Acute Kidney Injury (AKI) has until now been the poor relation of kidney care. The National Service Framework identified AKI, previously known as Acute Renal Failure (ARF) as a national priority and states:
“ People at risk of, or suffering from Acute Renal Failure are identified promptly, with hospital services delivering high quality, clinically appropriate care in partnership with specialist renal teams ”.
An AKI care initiative conference was held at the Royal College of Physicians in March 2009 supported by NHS Kidney Care and a report of those proceedings has now been published with hard copies available from firstname.lastname@example.org
Representatives from different specialist communities from around the UK were invited to share their own perspectives of AKI and how it impacts on patients managed in their speciality. The aims of the conference were for the delegates to work collaboratively in considering the following areas:
1. How to work towards a consensus definition of AKI. 2. How to prevent and detect AKI. 3. How to improve medical training curriculae for both undergraduate and postgraduate trainees and enable best practice management of AKI. 4. How to share datasets and codes to allow identification of quality markers to drive improvements and inform tariff development.
The conference recommended that:
1. A national group is convened to work collaboratively enabling real improvement in the prevention, detection and treatment of AKI throughout the UK. 2. An acceptable working definition of AKI is developed by performing a multi-centre study using different staging systems and correlating with outcomes. 3. Enzymatic serum creatinine assays should be implemented in all biochemistry labs throughout the UK to ensure national comparability. For patients is admitted to different hospitals with different biochemisty laboratories the development of shared databases should be created to improve comparability between laboratories 4. An electronic alert by biochemistry system should be developed which is compliant with the AKA Map of Medicine. 5. The national vascular database should be reviewed and updated to ensure AKA data is collected and audited post-surgery. The instances and outcome of AKI in patients undergoing vascular surgery/interventional procedures should be captured routinely. 6. Further local AKI audits should be encouraged to assess the incidence of AKI among other speciality patient groups. 7. There must be a coordinated approach to improve both undergraduate and postgraduate education for AKI. Core competencies must be developed to improve the identification and management of patients at risk of developing AKI , including the acutely ill patient ( NICE Clinical Guideline 50 ). 8. District General Hospitals without renal services should develop links with local renal services and develop agreed care pathways for patients who develop AKI, enabling optimisation of patient care and efficient transfer of patients to a renal unit if appropriate. 9. Identification of new and improved biomarkers allowing early detection of AKI should be developed to improve the potential for targeted therapeutic intervention. 10. Renal units should work together locally with radiology and cardiology departments to ensure shared guidelines are in place to prevent contrast induced nephropathy.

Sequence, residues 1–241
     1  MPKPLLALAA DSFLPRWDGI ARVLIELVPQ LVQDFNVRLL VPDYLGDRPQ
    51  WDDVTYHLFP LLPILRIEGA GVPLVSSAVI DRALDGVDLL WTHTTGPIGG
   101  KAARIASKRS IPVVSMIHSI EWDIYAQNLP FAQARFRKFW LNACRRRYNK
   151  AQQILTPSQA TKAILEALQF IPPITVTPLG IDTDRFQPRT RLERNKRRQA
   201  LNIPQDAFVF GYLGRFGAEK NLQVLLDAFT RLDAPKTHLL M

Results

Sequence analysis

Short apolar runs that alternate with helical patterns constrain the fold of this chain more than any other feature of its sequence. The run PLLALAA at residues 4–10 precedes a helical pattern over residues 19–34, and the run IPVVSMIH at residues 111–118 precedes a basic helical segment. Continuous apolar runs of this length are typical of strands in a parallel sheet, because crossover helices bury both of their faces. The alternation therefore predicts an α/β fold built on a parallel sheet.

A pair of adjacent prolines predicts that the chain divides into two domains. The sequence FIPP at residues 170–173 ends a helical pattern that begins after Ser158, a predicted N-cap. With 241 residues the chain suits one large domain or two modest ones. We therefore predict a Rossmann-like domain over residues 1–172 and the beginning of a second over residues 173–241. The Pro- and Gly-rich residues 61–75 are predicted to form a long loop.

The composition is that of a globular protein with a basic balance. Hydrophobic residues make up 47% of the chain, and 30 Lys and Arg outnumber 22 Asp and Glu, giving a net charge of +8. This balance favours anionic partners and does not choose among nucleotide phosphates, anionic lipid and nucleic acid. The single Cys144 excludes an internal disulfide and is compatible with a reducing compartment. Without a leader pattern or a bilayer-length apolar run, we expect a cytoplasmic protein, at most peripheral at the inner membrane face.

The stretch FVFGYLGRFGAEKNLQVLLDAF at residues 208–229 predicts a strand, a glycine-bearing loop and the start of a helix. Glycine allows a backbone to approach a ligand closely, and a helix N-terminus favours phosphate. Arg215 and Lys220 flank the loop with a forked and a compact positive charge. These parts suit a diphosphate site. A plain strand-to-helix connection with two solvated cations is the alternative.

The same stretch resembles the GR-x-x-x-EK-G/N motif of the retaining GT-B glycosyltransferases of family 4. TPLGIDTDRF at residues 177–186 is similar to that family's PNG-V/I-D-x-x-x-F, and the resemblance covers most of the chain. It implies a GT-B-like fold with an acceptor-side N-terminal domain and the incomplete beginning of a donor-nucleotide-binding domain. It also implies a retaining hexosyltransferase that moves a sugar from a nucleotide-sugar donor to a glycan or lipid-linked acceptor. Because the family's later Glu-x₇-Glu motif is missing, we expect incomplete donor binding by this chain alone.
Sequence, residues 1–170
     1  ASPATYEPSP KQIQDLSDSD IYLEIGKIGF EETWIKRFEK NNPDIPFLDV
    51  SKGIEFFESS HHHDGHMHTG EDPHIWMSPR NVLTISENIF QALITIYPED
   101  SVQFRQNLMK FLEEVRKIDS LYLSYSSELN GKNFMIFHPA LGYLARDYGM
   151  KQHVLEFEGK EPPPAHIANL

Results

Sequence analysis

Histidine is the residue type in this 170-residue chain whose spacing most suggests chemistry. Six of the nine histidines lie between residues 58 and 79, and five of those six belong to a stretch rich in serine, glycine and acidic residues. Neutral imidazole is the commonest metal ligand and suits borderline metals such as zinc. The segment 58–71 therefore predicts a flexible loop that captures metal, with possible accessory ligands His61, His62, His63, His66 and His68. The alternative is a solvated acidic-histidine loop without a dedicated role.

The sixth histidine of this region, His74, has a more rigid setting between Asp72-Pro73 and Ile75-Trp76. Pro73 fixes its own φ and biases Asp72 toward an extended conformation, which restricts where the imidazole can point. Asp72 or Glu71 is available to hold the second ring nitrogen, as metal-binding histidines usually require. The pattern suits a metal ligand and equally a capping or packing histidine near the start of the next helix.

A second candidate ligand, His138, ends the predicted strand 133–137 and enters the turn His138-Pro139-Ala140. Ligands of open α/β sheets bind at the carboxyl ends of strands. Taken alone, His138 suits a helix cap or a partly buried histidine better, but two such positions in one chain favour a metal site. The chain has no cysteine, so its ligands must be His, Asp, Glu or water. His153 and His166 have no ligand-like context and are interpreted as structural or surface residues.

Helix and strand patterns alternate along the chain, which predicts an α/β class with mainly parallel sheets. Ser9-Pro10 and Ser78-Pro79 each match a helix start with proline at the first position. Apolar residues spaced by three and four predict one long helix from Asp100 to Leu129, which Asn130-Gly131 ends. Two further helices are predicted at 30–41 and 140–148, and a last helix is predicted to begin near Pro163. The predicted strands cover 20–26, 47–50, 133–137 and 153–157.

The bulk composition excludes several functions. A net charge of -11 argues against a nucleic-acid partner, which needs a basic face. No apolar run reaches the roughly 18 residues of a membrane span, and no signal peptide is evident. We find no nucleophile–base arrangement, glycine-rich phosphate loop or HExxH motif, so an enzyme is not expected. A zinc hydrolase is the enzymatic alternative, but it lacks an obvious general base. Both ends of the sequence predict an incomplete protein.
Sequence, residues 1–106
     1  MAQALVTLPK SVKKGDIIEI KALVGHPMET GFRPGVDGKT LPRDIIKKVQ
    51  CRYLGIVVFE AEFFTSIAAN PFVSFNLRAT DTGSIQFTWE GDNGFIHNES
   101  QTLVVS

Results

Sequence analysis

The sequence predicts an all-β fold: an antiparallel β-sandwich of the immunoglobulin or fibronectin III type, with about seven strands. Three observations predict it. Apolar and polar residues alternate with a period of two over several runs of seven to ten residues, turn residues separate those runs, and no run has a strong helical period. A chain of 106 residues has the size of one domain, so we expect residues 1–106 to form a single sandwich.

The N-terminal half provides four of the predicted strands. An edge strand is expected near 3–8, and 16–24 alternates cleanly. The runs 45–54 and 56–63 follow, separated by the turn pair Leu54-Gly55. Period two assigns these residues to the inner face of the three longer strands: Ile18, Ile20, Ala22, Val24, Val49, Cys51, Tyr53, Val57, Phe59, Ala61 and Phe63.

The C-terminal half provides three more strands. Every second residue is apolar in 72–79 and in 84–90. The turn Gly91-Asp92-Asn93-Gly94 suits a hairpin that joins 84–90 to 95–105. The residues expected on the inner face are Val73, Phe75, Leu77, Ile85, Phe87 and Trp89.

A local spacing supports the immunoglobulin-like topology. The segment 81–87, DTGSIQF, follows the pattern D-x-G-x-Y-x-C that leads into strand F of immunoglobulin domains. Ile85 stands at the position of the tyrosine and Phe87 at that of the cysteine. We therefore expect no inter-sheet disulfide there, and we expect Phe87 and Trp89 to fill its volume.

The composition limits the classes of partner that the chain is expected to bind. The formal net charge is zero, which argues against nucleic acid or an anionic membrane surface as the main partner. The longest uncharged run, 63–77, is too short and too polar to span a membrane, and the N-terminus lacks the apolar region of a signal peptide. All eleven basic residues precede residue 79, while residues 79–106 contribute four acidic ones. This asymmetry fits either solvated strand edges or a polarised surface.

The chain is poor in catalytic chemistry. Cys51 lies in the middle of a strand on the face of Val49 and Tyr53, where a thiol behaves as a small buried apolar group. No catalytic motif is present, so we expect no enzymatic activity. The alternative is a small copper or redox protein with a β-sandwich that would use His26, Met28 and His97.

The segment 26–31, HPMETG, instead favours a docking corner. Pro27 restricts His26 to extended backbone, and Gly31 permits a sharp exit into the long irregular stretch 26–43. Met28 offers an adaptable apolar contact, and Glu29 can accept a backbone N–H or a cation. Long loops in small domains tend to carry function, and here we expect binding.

Some of the individuals and organisations at the March Acute Kidney Injury Care Initiative Conference came back together a few days ago to help the Department of Health and NHS Kidney Care address the following questions:
1. How can you ensure that guidance/evidence relevant to AKI is implemented? 2. What do commissioners/Trusts need in order to ensure appropriate management of AKI? 3. How do you join up all relevant specialities to ensure AKI patients are treated effectively? 4. How do you ensure to and maintain awareness and capability for managing AKI.
AKI is a major issue for a range of communities in clinical medicine and has a significant impact on patient morbidity and mortality and on NHS resources. I am pleased that it is now being regarded as a systemic issue by those responsible for training, service delivery and quality. AKI is common, harmful and treatable. AKI affects up to 1 in 5 people admitted to hospital, and even modest changes in serum creatinine are associated with a 6.5 times increase in mortality.
All acute services have received a copy of the NCEPOD report and have been asked to review their approach to acutely unwell patients in the light of the findings. AKI is now be firmly on the agenda . I look forward to improvements in education, systems and care processes to support the prevention, early identification and treatment of AKI across the NHS, whatever the clinical or organisational setting.